Although regulatory reform was expected to clear one hurdle to enactment on Wednesday, with the House poised to approve the final legislation, the bill's ultimate fate remains a cliffhanger as Senate leaders announced they would not consider it until after the Fourth of July recess.

The Senate's inability to complete the bill this week left it unclear if Democrats had the necessary votes to approve the final legislation and whether more trouble could develop during the break.

While Sen. Susan Collins, R-Maine, said she would support the bill, Sen. Scott Brown, R-Mass., said he had not yet decided whether a budgetary maneuver added late Tuesday satisfied concerns he had with the legislation. Democrats hope to keep Brown's support in order to reach the 60 votes necessary to move to final passage.

"Anybody that tells you that they have it all figured out probably does not have much sense," said Donald Ogilvie, the chairman of the Deloitte Center for Banking Solutions. "I don't think they have the votes there for a real quick vote."

In the wake of Sen. Robert Byrd's death, Democrats hold just 58 seats and at least one of two Democrats who opposed the bill last time — Sen. Russ Feingold — has said he will not switch his vote.

Of the four Republicans who voted for the bill during debate last month, only Collins had committed to supporting the final legislation.

"While the bill is not what I would have written and contains some provisions that I oppose, on balance I believe that it will lead to stronger financial institutions, curb the abuses that led to the near collapse of our financial markets, and improve financial oversight by creating a council of regulators to identify products, practices, and financial institutions that pose a systemic risk to our economy," said Collins in a press release. "Based on my initial review of the final version of the conference report, I am inclined to support it."

But Brown of Massachusetts, whose concerns over the proposed bank tax forced lawmakers to reopen the conference committee and make changes to the bill, remained noncommittal.

"I appreciate the conference committee revisiting the Wall Street reform bill and removing the $19 billion bank tax," he said. "Over the July recess, I will continue to review this important bill."

The tax was removed by the conference committee late Tuesday, and replaced with provisions that would end the Troubled Asset Relief Program three months early and raise the required level of Federal Deposit Insurance Corp. reserves .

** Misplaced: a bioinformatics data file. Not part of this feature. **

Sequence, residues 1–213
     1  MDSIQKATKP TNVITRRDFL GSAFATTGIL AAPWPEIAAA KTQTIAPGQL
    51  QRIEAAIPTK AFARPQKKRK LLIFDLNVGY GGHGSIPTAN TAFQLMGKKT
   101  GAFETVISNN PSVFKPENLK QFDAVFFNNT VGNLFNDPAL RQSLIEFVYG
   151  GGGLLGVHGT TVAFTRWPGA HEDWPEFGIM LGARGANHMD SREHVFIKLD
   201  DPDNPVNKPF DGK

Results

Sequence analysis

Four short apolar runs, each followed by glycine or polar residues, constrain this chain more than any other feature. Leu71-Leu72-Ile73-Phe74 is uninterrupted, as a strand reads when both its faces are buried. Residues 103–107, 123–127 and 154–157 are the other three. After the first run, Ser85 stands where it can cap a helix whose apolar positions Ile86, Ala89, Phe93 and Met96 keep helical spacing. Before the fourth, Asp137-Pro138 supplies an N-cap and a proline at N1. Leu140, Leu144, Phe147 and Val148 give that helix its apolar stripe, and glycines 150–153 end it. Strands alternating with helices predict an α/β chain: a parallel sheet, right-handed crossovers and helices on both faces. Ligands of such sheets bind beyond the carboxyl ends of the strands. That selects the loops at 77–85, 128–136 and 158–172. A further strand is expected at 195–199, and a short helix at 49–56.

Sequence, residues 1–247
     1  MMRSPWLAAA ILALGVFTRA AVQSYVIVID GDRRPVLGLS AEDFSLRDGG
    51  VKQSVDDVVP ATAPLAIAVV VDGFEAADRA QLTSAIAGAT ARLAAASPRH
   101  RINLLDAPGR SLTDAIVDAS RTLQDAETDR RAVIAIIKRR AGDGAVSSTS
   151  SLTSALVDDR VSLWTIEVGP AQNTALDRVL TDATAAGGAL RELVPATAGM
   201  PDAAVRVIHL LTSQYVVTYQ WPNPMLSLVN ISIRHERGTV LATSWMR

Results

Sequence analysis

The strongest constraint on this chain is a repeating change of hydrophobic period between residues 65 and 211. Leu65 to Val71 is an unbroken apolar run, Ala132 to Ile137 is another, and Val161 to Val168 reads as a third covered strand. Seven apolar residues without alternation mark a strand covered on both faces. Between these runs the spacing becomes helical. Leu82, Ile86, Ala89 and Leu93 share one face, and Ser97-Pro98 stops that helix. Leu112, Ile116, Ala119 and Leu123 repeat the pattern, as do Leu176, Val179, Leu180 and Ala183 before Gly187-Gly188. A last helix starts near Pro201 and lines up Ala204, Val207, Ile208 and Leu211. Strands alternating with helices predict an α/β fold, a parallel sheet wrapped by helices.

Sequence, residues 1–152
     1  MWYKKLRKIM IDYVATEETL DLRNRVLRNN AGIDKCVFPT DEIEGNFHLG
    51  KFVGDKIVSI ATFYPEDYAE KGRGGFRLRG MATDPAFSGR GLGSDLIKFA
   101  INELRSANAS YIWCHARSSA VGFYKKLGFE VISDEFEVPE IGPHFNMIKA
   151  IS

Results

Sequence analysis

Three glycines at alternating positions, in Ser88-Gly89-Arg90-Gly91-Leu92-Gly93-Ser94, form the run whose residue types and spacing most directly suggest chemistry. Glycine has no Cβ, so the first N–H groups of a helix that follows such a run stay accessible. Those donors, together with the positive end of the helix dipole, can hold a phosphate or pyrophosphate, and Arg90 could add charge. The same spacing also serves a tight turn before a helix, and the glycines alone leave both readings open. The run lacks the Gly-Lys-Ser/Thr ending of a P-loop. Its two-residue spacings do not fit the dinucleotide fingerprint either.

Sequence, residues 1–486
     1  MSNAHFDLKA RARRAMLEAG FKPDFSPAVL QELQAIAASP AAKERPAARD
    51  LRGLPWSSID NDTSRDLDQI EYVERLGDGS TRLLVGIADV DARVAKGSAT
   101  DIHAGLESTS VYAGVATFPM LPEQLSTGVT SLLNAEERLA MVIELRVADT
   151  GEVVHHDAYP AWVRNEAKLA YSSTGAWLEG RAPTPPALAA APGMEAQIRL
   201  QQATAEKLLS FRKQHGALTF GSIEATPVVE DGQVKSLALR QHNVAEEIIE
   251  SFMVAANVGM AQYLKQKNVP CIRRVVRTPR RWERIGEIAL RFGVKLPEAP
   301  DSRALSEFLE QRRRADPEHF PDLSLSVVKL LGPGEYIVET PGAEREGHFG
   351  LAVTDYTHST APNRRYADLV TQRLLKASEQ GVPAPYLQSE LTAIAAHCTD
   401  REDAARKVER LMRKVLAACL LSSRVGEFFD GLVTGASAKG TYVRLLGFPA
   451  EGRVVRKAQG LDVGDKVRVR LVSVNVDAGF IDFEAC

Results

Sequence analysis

In order to pass the bill, Democrats must secure at least three more votes, and it was unclear how Sens. Olympia Snowe, R-Maine, and Chuck Grassley, R-Iowa, who previously supported the bill, will vote.

Speaking on the Senate floor on Wednesday, Senate Banking Committee Chairman Chris Dodd said there was nothing more he could do.

"I've done everything I know how to do to satisfy my colleagues. I don't know what more I could have done," he said. "After the July recess we will vote on the financial reform measure."

Dodd told reporters Tuesday after reconvening the conference that he believed he had the 60 votes necessary to pass the bill but acknowledged things could change.

"Obviously, until they actually cast the vote you never know," he said.

Analysts tracking the bill said that they still ultimately expect the bill to become law, but said that leaving the legislation pending over a recess allowed opportunities for new problems to arise as lobbyists and observers continue to unearth new details in the 2,300 page bill.

"There is always a risk in trying to hold tough votes on a controversial bill over a recess," said former Sen. John Sununu in an interview. "The climate can change. People are going to continue to find things they weren't fully aware of in a 2,000 page bill."

Other analysts agreed.

"This is a huge bill and those of us who actually read the bill are discovering things and saying 'whoa, I didn't know that was in there,'" said Ogilivie. "I know there is a lot of lobbying against it by the American Bankers Association and others to reopen it and make changes."

Michael Bleier a partner with Reed Smith LLP, questioned whether Snowe and Grassley will support the final bill.

"There are still some questions," he said. "Are they still going to be able to hold the other Republicans too? They haven't said anything. You just don't know."

Democrats could also persuade either Feingold or Sen. Maria Cantwell, who opposed the bill last month, to change their votes.

Joseph Engelhard, a senior vice president with Capital Alpha Partners, said Democratic leaders might be able to convince Cantwell to vote for cloture, a process that requires 60 votes and limits debate on the bill, and leave her free to oppose the bill on final passage, which requires only a simple majority.

"Assuming for a moment worst case scenario and Brown is a 'no,' which I don't think is likely, and Byrd's seat is not filled, the best bet for Democratic leadership is to get Cantwell to vote 'yes' on cloture and 'no' on the entire bill," he said. "That is something that the Senate Democratic leadership is hard at work at right now. When you are just short one or two votes -- that would be really critical."

Bleier said momentum still pointed to completing the bill even if the path to getting there was uncertain.

"Politically both parties recognize that they have to get something passed. They can't go to the election and say nothing's been passed," he said. "There will be a bill."

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